“It is indeed to be gathered from this Biblical passage so interpreted that the being of things in themselves -their real being, as we were saying- should be referred back to the being of their corresponding ideas in God. So this is an answer to our present question: how are we to understand the transition of things from nonbeing to being and the entry of ideas into matter’? Ideas are -on this view- archetypes of things and the things are their likenesses or copies. But the ideas owe the fact that they have the power to call their likenesses into existence and to form the matter into copies of themselves to their being in the Logos, who makes them alive [lebendig], hence effective as well.”

The malevolent deconstructionist metaphysics of the Progressive Left

I spent some time the other night reading the introduction to Plato’s Republic (free on Gutenberg.org – you have no excuse) followed by a bit of Church history. It resulted in a moment of clarity around something that has bothered me for years.

To set up the problem, I posit that the great divide in thought and worldview throughout the ages is that between Plato and Aristotle. This is the direct result of reading an outstanding book several years ago on the same topic. This divide is not a recent or modern phenomenon; it runs through the ages.

My Monarchism is a worldview that, like Plato, uses the manifestation of society’s organizational structure as a model for explaining the deeper, more transcendent, metaphysical concepts. That is why I define royalism as an orientation more spiritual in nature than socio-political. This method is straight out of Plato’s handbook. My Monarchism is Platonic while the American Republican system is, in my view, more Aristotelian, a view with benefits but one that I cannot embrace as a whole. I am Platonic and not Aristotelian.

I think a person’s first priority should be to figure out on which side of this divide they stand. One’s Platonic or Aristotelian orientation effects even one’s interpretation of the more important religious concepts. A Platonic Christian thinks differently than an Aristotelian Christian, which explains much of the free-for-all in modern Christian apologetics.

The problem, then, is that the ideological mortal enemy of Monarchism is the progressive Left, which is itself Platonic. When Rousseau was asked by the Polish to develop a communist model (which proved unsuccessful), it was grounded in Platonic philosophy. At the same time, the exact opposite ideology inherent in the French Monarchy was itself grounded in Platonic philosophy. France owned the Platonic ultra-realism of the day.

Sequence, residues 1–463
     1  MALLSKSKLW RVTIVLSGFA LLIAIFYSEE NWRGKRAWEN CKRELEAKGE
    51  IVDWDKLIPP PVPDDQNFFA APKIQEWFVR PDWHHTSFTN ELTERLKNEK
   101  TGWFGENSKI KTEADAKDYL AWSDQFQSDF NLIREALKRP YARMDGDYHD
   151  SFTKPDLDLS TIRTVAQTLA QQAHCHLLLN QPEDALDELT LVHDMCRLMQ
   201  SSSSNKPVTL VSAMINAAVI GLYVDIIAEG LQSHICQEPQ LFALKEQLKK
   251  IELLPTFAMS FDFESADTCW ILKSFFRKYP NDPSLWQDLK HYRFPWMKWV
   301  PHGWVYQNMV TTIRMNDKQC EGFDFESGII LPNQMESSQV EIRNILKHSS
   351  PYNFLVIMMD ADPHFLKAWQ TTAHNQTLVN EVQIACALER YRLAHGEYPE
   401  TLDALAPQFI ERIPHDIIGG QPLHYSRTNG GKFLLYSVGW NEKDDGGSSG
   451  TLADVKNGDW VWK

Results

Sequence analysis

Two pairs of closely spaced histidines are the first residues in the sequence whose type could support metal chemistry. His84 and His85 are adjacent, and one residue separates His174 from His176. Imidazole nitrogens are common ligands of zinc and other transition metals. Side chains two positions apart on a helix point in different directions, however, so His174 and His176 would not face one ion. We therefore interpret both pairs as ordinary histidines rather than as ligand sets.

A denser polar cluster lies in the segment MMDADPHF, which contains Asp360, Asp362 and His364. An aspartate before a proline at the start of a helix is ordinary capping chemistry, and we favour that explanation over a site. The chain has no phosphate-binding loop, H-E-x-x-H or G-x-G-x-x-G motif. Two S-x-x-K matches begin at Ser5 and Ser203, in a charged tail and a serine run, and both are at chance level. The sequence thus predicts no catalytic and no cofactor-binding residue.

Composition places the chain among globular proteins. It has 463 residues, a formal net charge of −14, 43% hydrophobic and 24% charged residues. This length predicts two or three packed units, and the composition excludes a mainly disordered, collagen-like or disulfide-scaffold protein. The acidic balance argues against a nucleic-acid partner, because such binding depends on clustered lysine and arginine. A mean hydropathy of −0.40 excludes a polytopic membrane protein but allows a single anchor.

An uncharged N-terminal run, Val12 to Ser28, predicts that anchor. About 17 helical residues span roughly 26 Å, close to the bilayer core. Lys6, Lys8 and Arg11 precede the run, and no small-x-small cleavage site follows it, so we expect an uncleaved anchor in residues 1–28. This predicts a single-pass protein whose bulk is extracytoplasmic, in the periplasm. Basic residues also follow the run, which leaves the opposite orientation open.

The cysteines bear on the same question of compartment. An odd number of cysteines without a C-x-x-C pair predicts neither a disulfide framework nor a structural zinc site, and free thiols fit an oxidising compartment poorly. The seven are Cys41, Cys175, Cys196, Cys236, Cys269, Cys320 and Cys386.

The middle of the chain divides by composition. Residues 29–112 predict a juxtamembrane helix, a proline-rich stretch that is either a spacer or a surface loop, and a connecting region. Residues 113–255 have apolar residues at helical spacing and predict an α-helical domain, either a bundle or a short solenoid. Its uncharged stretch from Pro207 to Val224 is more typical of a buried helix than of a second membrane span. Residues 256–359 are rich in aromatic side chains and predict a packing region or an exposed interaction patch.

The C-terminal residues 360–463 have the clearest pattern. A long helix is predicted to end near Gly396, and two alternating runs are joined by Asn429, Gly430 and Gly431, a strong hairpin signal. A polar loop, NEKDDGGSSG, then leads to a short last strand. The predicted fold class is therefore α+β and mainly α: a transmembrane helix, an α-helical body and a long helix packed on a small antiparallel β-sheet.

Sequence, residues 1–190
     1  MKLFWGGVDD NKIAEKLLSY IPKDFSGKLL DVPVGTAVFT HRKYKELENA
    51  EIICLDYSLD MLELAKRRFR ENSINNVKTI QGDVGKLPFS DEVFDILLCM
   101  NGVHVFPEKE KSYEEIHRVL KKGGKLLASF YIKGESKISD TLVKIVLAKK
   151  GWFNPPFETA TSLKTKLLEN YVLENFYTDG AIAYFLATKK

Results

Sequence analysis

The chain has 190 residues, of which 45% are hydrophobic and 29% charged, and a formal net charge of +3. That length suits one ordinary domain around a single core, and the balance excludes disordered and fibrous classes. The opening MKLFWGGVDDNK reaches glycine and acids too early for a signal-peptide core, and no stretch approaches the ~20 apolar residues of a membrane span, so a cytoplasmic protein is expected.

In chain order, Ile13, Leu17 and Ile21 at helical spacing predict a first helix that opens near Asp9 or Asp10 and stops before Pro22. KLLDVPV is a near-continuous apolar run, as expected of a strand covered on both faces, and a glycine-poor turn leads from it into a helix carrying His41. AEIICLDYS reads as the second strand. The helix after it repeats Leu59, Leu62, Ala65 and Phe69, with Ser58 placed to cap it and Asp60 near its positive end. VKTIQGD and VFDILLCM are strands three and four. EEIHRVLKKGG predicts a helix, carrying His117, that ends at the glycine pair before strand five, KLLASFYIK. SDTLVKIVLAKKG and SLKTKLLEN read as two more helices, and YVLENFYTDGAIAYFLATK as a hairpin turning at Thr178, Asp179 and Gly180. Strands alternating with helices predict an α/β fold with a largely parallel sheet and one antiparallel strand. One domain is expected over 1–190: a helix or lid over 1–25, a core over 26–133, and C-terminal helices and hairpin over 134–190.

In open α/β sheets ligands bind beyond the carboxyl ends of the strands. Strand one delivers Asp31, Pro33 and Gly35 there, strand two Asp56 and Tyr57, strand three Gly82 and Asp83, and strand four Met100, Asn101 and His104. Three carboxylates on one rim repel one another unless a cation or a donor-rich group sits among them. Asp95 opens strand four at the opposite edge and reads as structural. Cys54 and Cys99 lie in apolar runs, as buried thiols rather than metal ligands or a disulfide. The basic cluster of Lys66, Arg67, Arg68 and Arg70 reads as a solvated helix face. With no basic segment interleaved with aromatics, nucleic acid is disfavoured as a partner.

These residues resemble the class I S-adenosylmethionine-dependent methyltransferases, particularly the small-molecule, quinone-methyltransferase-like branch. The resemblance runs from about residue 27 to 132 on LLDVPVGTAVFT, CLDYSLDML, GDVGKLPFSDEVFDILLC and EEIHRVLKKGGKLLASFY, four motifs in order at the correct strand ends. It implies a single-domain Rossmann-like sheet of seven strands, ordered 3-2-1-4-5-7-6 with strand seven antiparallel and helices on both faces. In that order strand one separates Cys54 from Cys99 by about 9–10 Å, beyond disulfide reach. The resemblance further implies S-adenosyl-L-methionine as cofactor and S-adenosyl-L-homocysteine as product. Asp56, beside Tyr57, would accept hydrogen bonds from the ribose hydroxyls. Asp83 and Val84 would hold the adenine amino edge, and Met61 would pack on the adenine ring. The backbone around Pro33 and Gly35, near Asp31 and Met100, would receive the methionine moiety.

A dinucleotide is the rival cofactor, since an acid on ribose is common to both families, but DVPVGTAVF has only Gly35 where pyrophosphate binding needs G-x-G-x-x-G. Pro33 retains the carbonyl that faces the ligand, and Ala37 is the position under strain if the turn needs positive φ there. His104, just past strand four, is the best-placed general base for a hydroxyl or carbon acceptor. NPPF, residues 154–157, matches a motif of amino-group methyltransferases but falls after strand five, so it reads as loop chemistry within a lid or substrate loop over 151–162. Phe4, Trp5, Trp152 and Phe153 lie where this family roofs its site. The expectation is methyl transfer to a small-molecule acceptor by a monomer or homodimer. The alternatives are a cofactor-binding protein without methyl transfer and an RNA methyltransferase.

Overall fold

So, if progressive Leftism and the conservative, traditional Monarchy are both grounded in Platonic philosophy, how can we explain the difference? That question baffled me for years. I have decided now that it is this – the progressive Left is a deconstructionist Platonic philosophy, while the French Monarchy was grounded in an affirmative, Catholic constructionist Platonic philosophy.

The early Church, and up through the first one thousand years, was decidedly Platonic. Christianity was, in fact, the answer to the questions Plato raised. They go hand in hand, not because the Church tainted itself with pagan philosophy but, rather, because the Church was the very thing toward which Plato was pointing.

Plato is right. He also is dangerous in a spiritual vacuum. His philosophy needs a metaphysics grounded in truth to support it, one that he could not provide in the pre-Christian era. The danger comes when his philosophy falls into the hands of malevolent metaphysics. This is my assertion – that the progressive Left is filling the spiritual void in the modern era with a malevolent deconstructionist metaphysics; for, we have lost sight of the life affirming ultra-realism of old.

Christians need to re-establish our philosophical footing alongside our scriptural and doctrinal foundations if we are to be victorious.

Two pinnacle questions – Husserl and Edith Stein

There are two pinnacle questions that drove me to study both Edmund Husserl, the father of modern day phenomenology, and his student Edith Stein. It is analogous to walking around a piece of art in amazement, trying to understand what is its essence, or perhaps listening in awe to a pianist elevate and unveil an unseen but very beautiful and very real substance that exists above and beyond us.